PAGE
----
WHILE they agreed that there was no overcontracting in the one year extension for the 20-megawatt (MW) power contract of Central Negros Electric Cooperative (Ceneco) with Kepco Salcon Power Corp. (KSPC), a consumer group leader believed that there was an overpricing instead amounting to over P360 million that member-consumers have to pay for in the succeeding months.
Wennie Sancho, secretary general of Power Watch Negros Advocates, on Thursday, May 27, 2021, said what the Ceneco Board had approved was a “short-term extension” of 20 MW power contract yet a “long-term suffering” for the consumers.
Sancho told SunStar Bacolod that the “contracted price” is P5.4209 per kilowatt hour (kWh), which was higher than the previously bid amount of P3.2929 per kWh for a 20-MW power supply with the competitive selection process (CSP) put on hold.
“There was no overcontracting in the extension, but there is overpricing,” he said.
Based on Power Watch’s calculation, the price difference is P2.128 per kWh multiplied by 14,400,000 kWh or equivalent to 20 MW is equals to P30,643,200 a month totaling to at least P367.7 million for one year.
“That is the cost of the short-term extension, what a heavy burden for all consumers to bear,” Sancho lamented.
Ceneco caters to the largest number of electric consumers in the province including cities of Bacolod, Bago, Talisay and Silay, and towns of Murcia and Salvador Benedicto.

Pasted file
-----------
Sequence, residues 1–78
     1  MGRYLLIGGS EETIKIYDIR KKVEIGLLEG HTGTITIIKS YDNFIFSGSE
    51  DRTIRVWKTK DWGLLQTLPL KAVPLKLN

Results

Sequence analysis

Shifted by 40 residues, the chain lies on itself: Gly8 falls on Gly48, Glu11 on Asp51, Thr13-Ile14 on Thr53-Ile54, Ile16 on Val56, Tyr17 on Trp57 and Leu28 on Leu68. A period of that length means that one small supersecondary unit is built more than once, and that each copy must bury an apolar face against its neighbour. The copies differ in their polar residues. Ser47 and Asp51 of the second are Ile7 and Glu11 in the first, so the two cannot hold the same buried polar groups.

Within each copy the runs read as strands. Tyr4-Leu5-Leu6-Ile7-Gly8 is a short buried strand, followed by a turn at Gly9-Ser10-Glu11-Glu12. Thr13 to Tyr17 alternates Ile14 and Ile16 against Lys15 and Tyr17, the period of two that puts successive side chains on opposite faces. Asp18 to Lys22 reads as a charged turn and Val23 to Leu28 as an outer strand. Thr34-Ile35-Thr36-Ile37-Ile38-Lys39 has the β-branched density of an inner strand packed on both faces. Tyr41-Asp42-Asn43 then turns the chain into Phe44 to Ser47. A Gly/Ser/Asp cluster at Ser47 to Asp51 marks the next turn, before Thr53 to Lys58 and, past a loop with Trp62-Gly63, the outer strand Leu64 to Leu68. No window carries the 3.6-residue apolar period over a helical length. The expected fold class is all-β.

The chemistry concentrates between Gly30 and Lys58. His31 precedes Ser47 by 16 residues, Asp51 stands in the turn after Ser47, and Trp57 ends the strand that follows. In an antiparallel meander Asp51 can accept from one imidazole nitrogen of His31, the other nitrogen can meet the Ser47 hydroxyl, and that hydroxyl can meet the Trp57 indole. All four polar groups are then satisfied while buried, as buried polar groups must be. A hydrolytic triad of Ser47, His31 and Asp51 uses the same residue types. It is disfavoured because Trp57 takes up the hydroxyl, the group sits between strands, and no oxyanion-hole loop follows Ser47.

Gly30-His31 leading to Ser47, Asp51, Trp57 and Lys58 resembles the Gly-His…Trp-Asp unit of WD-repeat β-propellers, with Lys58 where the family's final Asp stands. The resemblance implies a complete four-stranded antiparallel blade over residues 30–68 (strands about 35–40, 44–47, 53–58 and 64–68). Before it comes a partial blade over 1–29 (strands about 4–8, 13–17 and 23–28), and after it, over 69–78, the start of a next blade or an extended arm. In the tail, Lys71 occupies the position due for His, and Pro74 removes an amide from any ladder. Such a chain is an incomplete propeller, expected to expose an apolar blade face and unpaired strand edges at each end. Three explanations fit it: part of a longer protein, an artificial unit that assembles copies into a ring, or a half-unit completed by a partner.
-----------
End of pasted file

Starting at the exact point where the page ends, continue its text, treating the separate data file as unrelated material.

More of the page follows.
On Wednesday, its acting general manager and project supervisor lawyer Dan Pondevilla confirmed that the power distribution utility accepted the earlier offer of KSPC for a one-year extension of their power contract ending this month.
Pondevilla, however, said the extension should be at a reduced capacity of 20 MW or half of the 40 MW that was previously contracted by Ceneco the Cebu-based coal-fired power plant.
“This is the most practical and beneficial on the part of the consumers. Contracting just 20 MW, and not 40 MW, will enable us to maximize our supply and reduce our power rates,” he added.
Engineer Norman Pollentes, corporate planning division manager of Ceneco, said the extended contract cost is similar to that of the existing power supply agreement with the power generation utility.
If based only on KSPC's power cost of P5.58 per kWh inclusive of value added tax (VAT) for May, the cost of the one-year power contract extension would be about P977.6 million.
Pollentes said the price may vary depending on several factors like consumer’s price index (CPI), foreign exchange rate and fuel cost fluctuations.
In April this year, the power cost of KSPC was P5.27 per kWh.
“Ceneco is entitled to a one-year extension of the existing contract,” he said, adding that the contract cost is “as is where is” as per approval of the Energy Regulatory Commission (ERC).
Pollentes, who also chairs the Third Party Bids and Awards Committee, refused to make comments on the overpricing claim of Power Watch.
For the consumer group, the issue of overpricing is grossly prejudicial to the interest of about 200,000 member-consumers of Ceneco.
Sancho said the members of the board who voted for the approval of the power deal extension should answer to the consumers as to why they agreed to a PSA with a price higher than the previously bid price of P3.2929 per kWh involving the same power supplier and the same volume of power supply.